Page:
3:16: I get that feeling a lot to be honest Soren. 

SK: Ah Richard, this is what is sad when one contemplates human life, that so many live out their lives in quiet lostness; they outlive themselves, not in the sense that life’s content successively unfolds and is now possessed in this unfolding, but they live, as it were, away from themselves and vanish like shadows. Their immortal souls are blown away, and they are not disquieted by the question of its immortality, because they are already disintegrated before they die. 

3:16: Some think you’re a bit too individualistic and don’t have a political philosophy? At the moment there’s a lot of talk about freedom of speech – do you have a position on this? 

SK: How absurd men are! They never use the liberties they have, they demand those they do not have. They have freedom of thought, they demand freedom of speech. People demand freedom of speech as a compensation for the freedom of thought which they seldom use. There are two ways to be fooled. One is to believe what isn't true; the other is to refuse to believe what is true. 

3:16: Our times are troubled though don’t you think? 

SK: Let others complain that the age is wicked; my complaint is that it is paltry; for it lacks passion. Men's thoughts are thin and flimsy like lace, they are themselves pitiable like the lacemakers. The thoughts of their hearts are too paltry to be sinful. For a worm it might be regarded as a sin to harbor such thoughts, but not for a being made in the image of God. Their lusts are dull and sluggish, their passions sleepy...This is the reason my soul always turns back to the Old Testament and to Shakespeare. I feel that those who speak there are at least human beings: they hate, they love, they murder their enemies, and curse their descendants throughout all generations, they sin. 

3:16: There seems to be a sectarian spirit abroad. It’s getting ugly. 

SK: The true knight of faith is always absolute isolation, the false knight is sectarian. This sectarianism is an attempt to leap away from the narrow path of the paradox and become a tragic hero at a cheap price. The tragic hero expresses the universal and sacrifices himself for it. The sectarian punchinello, instead of that, has a private theatre, i.e. several good friends and comrades who represent the universal just about as well as the beadles in The Golden Snuffbox represent justice. The knight of faith, on the contrary, is the paradox, is the individual, absolutely nothing but the individual, without connections or pretensions. This is the terrible thing which the sectarian manikin cannot endure. For instead of learning from this terror that he is not capable of performing the great deed and then plainly admitting it (an act which I cannot but approve, because it is what I do) the manikin thinks that by uniting with several other manikins he will be able to do it. But that is quite out of the question. In the world of spirit no swindling is tolerated.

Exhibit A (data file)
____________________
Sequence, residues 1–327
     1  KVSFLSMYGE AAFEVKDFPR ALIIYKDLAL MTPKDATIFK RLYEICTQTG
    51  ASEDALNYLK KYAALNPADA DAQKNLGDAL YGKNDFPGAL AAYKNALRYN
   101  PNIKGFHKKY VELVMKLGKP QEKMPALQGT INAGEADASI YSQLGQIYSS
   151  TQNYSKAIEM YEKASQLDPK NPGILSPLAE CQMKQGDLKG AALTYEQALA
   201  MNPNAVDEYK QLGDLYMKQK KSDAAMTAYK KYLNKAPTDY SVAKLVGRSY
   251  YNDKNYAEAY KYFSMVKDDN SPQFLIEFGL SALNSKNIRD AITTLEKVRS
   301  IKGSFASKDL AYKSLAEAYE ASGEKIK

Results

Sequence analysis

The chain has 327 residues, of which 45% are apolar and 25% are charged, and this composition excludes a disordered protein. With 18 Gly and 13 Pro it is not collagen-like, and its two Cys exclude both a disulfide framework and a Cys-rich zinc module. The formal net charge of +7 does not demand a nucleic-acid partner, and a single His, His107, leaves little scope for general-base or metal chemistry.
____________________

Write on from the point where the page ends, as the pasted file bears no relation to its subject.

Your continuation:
3:16: Does your investigation into the tragic correspond to your thinking about irony? 

SK: The rebirth of ancient tragedy is the attempt to show how the characteristic feature of the tragic in ancient drama can be incorporated in the tragic of modern drama in such a way that what is truly tragic will become apparent. Ancient tragedy has the hereditary guilt of sorrow. Modern tragedy has pain. The modern Antigone has both. 

3:16: You love poetry don’t you? You count yourself as one don’t you? 

SK: A poet is not an apostle; he drives out devils only by the power of the devil. What is a poet? A poet is an unhappy being whose heart is torn by secret sufferings, but whose lips are so strangely formed that when the sighs and the cries escape them, they sound like beautiful music… and men crowd about the poet and say to him: “Sing for us soon again”; that is as much to say: May new sufferings torment your soul. If we ask what poetry is we may say in general that it is a victory over the world; it is through a negation of the imperfect actuality that poetry opens up a higher actuality. 

3:16: Have you a take-home thought for us? 

SK: Well Richard, the task is not to find the lovable object, but to find the object before you lovable – whether given or chosen – and to be able to continue finding this one lovable, no matter how that person changes. To love is to love the person one sees. Love is the expression of the one who loves, not of the one who is loved. Those who think they can love only the people they prefer do not love at all. Love discovers truths about individuals that others cannot see.To cheat oneself out of love is the most terrible deception; it is an eternal loss for which there is no reparation, either in time or in eternity.

3:16: And are there 5 books you can recommend that will take us further into your philosophical world? 

SK: Sure. 

Holderlin: Poetry

Fichte: The Vocation of Man

Schelling: Essays

Luther's Bible

Hegel: Science of Logic

About the Author

Richard Marshall is still biding his time.